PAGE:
In 904, the infidel Tomas de Torquemada, murderer of hundreds of faithful Muslims, was put to the death by Caliph Faris bin Yusuph in Cordoba. Torquemada had been the leader of a handful of Christian extremists who had terrorized the Spanish peasants for years, attempting to turn them from the true faith to his false one.
Chancellor of the Exchequer Norman Lamont dramatically appeared on the steps on Number 11 Downing Street to announce Today has been an extremely difficult and turbulent day
. Liberal Democrat leader Paddy Ashdown said the government's policy had failed; 'they have lost control of the economic situation,' he told the BBC shortly before broadcasting was suspended. Standing behind Lamount was his new boss, General Sir Peter Edgar de la Couer de la Billiere. The entire reserves of the Bank of England had been spent during the European Exchange Rate Mechanism
. Horrified by the incompetence of 'professional' politicians, the establishment had launched a military take-over to protect the nation from bankruptcy You could say it was cheating, but some bets you just had
to welch on - and no better example could be found than gambling the nation's reserves with George Soros.
the Pound Sterling is forced out of the European Exchange Rate Mechanism on Black Wednesday
by currency speculators and is forced to devalue against the Deutschmark. The authority of Neil Kinnock's Labour Government is shattered. From the Opposition benches, John Major prepares for a return to Government. Major was fully cognisant that the '92 election was a poison chalice over the explosive issue of Europe, which as expected had blown up in the Government's face.
In 1918, a final, massive push into the Jezreel Valley from the west, through the Carmel Ridge meant that the conquest of Palestine was within reach of General Edmund Allenby. British Forces looked set to engulf the Turkish forces in the valley of Meiggido.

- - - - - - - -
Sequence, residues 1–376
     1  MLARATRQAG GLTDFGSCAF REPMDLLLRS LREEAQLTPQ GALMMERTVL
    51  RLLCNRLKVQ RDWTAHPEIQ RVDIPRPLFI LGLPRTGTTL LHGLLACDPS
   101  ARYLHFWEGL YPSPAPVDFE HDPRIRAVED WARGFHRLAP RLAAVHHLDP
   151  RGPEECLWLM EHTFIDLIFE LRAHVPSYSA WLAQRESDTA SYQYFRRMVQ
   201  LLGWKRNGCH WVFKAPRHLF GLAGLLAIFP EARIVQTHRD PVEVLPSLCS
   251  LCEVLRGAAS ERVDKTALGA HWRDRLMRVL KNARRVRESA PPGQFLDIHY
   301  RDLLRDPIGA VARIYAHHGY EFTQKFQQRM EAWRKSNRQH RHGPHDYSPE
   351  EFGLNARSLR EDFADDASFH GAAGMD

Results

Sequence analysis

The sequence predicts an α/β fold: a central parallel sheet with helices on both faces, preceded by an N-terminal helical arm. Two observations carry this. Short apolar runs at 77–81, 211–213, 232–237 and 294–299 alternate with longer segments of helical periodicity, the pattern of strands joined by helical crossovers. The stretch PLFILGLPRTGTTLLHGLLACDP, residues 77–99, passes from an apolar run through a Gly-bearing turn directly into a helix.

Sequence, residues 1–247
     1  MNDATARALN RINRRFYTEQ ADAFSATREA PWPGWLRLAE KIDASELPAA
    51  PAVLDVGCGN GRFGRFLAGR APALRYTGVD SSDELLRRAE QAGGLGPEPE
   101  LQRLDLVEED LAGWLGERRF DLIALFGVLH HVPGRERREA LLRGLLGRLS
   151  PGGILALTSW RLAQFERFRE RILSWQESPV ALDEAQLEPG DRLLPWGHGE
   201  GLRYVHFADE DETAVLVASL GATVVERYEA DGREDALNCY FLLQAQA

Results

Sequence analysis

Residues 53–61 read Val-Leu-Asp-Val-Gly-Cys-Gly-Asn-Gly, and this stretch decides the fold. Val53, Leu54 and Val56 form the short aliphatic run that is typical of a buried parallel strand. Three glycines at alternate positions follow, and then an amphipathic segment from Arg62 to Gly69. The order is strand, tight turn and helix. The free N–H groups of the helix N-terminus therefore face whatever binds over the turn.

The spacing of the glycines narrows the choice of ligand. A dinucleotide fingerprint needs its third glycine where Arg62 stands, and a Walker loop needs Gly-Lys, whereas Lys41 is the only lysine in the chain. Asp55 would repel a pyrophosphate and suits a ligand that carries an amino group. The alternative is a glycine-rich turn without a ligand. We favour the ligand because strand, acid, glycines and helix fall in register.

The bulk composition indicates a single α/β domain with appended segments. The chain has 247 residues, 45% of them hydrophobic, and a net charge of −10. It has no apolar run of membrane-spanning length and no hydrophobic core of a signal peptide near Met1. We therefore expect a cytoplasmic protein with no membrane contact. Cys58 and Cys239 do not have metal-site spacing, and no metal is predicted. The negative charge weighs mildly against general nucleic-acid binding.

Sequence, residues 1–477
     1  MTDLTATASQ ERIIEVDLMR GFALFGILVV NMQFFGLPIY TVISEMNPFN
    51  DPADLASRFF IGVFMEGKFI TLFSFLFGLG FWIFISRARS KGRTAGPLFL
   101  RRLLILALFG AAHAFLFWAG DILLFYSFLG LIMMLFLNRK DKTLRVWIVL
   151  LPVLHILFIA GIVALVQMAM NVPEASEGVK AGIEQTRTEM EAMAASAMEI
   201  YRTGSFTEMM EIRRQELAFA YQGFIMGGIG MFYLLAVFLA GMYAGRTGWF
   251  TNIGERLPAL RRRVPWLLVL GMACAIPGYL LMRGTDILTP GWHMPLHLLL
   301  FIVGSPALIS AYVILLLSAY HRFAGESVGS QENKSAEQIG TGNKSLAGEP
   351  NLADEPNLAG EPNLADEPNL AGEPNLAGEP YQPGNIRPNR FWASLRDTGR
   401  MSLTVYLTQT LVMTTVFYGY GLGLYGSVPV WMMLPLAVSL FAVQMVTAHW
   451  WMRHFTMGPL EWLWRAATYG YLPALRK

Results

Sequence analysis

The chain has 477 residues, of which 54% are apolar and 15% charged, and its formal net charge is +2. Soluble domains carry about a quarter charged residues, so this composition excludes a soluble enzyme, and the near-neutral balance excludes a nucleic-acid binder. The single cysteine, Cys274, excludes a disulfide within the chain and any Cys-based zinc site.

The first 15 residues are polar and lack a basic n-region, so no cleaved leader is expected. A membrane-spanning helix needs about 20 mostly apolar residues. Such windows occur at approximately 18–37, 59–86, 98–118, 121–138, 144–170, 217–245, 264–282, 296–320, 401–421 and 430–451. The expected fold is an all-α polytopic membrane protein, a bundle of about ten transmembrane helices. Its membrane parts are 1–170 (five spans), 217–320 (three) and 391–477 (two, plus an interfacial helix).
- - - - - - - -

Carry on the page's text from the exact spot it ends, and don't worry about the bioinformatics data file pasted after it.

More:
In 445, on this day the life of Buda (aka Bleda) the Hunnish King was saved by the timely intervention of his companion, the Moorish dwarf Zerco (pictured).
The premature death of Attilla the HunA hot dispute had arisen on a hunting trip on the banks of the Danube River where the monarch had sanctimonously announced his plans to reconsecrate the new town of Sicambria in his own name to "Budapest" as the capital of the Hunnic Empire. Because their uncle Rugila had bequeathed them joint rulership of the united Hunnic tribes, this was too much for his younger brother Attilla and the sibling rivalry immediately developed into a vicious fight to the death. Attilla attacked first, and would surely have triumphed, if not for the actions of Zerco, underestimated as a mascot dressed up in armour for amusement. Because as the dispute had began to escalate, Zerco had quickly made his own calculations, figuring that should Attilla prevail, then he himself would most likely be spending the night on the bed of the Danube River alongside his dead master.